‘Most Underrated President’ George H.W. Bush

President Bush's reaction to being called "overrated" says volumes about his modesty and sense of humor.

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COLLEGE STATION, TEXAS--I'm here for a board meeting at the George Bush Presidential Library and the George Bush School of Public Service, both of which are great testaments to President George H.W. Bush's lifelong commitment to public service.

Readers of the Washington Post recently voted President Bush 41 "The Most Underrated President" based on this nomination by a fellow reader named Andrew Miller:

George H.W. Bush: The country owes 41 a collective apology for voting him out of office. Our deficit ballooned under Ronald Reagan, and Bush was left holding the bag. Conservative purists butchered him when he tried to get the country's finances under control. Bush also wisely understood what driving to Baghdad in 1991 would have meant—a long, bloody quagmire. Don't believe me? Ask Bill Clinton, because he agrees.

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Clearly Mr. Miller touched a chord with a lot of readers, because 41 beat out Lyndon Johnson, Jimmy Carter, Harry Truman, and even Barack Obama to win the title of Most Underrated President. The most praised presidents were not allowed in the voting: George Washington, Thomas Jefferson, Abraham Lincoln, Theodore Roosevelt, Woodrow Wilson, Franklin Roosevelt, Dwight Eisenhower, John Kennedy, and Ronald Reagan were all barred.

Of course my vote goes to 41, not only for the courage it took to sign the 1990 budget deal and his handling of the first Persian Gulf War, but also for his leadership on the Americans with Disabilities Act, the Clean Air Act, and the Points of Light movement. What a life of public service—from teenage war hero to member of Congress, U.N. ambassador, head of the Republican Party, director of the CIA, U.S. liaison to China, vice president, president, and now a point of light himself.  So he's got my vote, but let me know who your choice would be.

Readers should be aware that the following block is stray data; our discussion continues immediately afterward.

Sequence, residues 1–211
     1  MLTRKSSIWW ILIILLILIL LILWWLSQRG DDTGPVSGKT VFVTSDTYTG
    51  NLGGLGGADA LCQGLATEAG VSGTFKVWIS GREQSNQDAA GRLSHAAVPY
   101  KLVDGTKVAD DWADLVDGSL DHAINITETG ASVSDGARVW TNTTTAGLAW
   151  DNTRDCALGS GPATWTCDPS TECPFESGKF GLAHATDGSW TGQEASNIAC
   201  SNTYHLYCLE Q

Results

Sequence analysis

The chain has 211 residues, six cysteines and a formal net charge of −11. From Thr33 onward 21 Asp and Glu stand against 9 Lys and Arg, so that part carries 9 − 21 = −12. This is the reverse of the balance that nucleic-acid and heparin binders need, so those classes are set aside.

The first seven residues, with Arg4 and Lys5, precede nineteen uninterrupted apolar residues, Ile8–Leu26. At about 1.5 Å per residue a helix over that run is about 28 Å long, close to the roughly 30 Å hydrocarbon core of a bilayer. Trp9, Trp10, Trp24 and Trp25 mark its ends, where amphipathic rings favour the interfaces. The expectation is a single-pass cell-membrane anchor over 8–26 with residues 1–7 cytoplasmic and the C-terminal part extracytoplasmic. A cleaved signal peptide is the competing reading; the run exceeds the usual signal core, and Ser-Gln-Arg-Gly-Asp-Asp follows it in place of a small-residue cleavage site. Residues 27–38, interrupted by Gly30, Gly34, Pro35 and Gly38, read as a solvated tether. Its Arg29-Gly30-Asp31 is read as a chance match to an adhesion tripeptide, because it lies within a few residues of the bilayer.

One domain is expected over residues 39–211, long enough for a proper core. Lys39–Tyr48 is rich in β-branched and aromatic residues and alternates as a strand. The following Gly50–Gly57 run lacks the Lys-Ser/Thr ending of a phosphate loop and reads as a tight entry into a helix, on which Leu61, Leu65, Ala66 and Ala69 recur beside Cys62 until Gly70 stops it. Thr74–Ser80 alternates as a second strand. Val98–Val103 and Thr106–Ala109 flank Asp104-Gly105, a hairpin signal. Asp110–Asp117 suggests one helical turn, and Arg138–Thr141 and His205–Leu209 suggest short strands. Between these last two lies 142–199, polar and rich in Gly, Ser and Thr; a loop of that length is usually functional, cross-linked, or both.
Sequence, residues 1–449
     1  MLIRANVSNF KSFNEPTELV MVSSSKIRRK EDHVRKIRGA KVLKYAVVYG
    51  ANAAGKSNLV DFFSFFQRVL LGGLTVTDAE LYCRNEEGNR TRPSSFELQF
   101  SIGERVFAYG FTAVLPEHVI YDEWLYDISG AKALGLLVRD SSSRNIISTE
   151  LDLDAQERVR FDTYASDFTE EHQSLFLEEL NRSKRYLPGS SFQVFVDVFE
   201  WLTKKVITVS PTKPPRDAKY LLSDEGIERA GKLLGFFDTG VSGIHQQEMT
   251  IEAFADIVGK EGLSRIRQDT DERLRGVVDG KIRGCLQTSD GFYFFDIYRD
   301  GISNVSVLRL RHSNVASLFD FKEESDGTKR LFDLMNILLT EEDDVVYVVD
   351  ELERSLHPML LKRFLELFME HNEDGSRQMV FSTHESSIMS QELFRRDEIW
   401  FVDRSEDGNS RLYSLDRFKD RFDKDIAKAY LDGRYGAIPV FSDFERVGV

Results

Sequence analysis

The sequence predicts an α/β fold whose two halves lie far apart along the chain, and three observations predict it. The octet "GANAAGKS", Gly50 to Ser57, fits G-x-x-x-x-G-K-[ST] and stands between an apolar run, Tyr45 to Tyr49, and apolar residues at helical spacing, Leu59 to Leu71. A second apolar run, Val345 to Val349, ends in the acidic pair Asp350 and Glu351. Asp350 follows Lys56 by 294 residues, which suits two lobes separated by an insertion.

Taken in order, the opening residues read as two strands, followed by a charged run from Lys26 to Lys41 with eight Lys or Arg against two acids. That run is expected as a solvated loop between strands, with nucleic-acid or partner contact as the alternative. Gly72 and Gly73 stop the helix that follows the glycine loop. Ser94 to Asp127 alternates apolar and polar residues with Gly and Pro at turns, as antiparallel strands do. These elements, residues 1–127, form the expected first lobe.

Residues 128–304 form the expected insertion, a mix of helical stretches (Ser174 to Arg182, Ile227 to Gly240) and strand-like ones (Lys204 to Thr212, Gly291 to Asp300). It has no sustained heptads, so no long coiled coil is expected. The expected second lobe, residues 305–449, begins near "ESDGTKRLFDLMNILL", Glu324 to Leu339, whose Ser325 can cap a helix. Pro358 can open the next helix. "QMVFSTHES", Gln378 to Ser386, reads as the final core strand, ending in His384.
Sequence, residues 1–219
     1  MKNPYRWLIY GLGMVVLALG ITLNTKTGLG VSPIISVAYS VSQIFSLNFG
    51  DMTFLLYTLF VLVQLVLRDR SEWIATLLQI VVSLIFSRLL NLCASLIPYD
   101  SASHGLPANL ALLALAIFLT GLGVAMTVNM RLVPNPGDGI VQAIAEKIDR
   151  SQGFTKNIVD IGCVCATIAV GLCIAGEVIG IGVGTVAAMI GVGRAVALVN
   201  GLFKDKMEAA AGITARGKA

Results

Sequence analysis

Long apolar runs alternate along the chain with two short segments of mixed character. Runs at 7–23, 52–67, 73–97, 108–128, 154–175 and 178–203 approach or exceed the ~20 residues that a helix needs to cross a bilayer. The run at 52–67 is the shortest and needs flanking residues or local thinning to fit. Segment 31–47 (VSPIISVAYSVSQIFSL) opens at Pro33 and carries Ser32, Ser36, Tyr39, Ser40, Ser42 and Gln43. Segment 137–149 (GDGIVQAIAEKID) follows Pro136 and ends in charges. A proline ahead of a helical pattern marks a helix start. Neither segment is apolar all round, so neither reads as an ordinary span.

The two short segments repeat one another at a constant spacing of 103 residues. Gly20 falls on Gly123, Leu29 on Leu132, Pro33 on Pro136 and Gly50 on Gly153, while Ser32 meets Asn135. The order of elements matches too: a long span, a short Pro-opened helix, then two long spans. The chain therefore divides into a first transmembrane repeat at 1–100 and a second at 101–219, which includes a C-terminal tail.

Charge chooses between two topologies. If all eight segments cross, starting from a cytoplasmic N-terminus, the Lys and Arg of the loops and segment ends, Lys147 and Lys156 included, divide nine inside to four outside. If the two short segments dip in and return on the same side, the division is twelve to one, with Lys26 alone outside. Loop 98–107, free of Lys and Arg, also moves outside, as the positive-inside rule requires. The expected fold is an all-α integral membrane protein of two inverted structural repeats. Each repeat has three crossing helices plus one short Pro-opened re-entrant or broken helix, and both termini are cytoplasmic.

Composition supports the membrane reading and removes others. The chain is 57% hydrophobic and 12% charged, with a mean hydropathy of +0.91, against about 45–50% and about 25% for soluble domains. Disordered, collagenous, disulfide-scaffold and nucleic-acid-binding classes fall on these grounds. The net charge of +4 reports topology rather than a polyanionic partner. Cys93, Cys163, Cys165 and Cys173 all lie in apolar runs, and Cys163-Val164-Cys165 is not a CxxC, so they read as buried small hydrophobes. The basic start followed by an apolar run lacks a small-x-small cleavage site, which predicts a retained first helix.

President Bush would tell you it's always better to be underrated than overrated. President Bush, back when he was ambassador to the United Nations in the 1970s, was chosen as one of "The 10 Most Overrated Men in New York" by New York magazine. ABC sportscaster Dick Schapp wrote the piece, and Ambassador Bush was named along with former Kennedy and Johnson national security adviser McGeorge Bundy, Cardinal Cooke of New York, New York Times publisher Arthur "Punch" Sulzberger, Jean Kennedy Smith's husband Steve Smith, New York Stock Exchange head Ralph DeNunzio, New York City Council President Sanford Garelik, NBC's Gabe Pressman, Broadway producer David Merrick, and Sen. Jacob Javits.

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What's interesting is that when Ambassador Bush found out he had been called "overrated," he did the only proper thing: he threw a party. He invited Schapp and all his fellow honorees to his official residence at the Waldorf in New York City for cocktails, addressing the invitations "Dear Mr. Overrated Bundy," and so on. He asked each to join him for the evening, along with a few friends and fellow diplomats "so we can have an international judgment as to who is indeed the most overrated of them all," according to the invitations. Everybody came except Javits, who said he didn't think it would be any fun. But Ambassador Bush stood on a chair at the party and did a dramatic reading of the article, adding a lot of comedic commentary about everyone, including himself. At one point the Russian ambassador was heard asking in a thick Russian accent, "What is this 'overrated'?"—clearly a concept unfamiliar to Moscow in those days. Mrs. Bush remembered the night as great fun when she told the story in her daughter Doro's book years later.

President Bush's reaction to being called "overrated" says volumes about his modesty and sense of humor which, ironically, are two of the reasons he is being called "underrated" today. As I said, it's always better to be underrated than overrated.